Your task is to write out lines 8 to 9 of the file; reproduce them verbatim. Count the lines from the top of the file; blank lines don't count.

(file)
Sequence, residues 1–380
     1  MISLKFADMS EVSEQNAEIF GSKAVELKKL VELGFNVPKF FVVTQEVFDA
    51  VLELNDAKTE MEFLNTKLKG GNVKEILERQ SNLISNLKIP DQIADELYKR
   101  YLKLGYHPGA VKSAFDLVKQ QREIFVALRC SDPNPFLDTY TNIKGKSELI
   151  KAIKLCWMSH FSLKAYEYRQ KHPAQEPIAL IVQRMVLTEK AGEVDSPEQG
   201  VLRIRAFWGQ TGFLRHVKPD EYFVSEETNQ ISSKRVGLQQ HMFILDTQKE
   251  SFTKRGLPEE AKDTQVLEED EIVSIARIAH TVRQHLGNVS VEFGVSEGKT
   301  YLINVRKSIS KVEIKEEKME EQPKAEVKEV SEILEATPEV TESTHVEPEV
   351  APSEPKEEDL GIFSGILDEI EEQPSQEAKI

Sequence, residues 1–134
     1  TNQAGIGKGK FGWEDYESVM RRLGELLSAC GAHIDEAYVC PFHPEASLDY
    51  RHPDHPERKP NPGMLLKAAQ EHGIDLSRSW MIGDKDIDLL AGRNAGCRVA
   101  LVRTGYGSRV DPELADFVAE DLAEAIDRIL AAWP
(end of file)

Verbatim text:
   301  YLINVRKSIS KVEIKEEKME EQPKAEVKEV SEILEATPEV TESTHVEPEV
   351  APSEPKEEDL GIFSGILDEI EEQPSQEAKI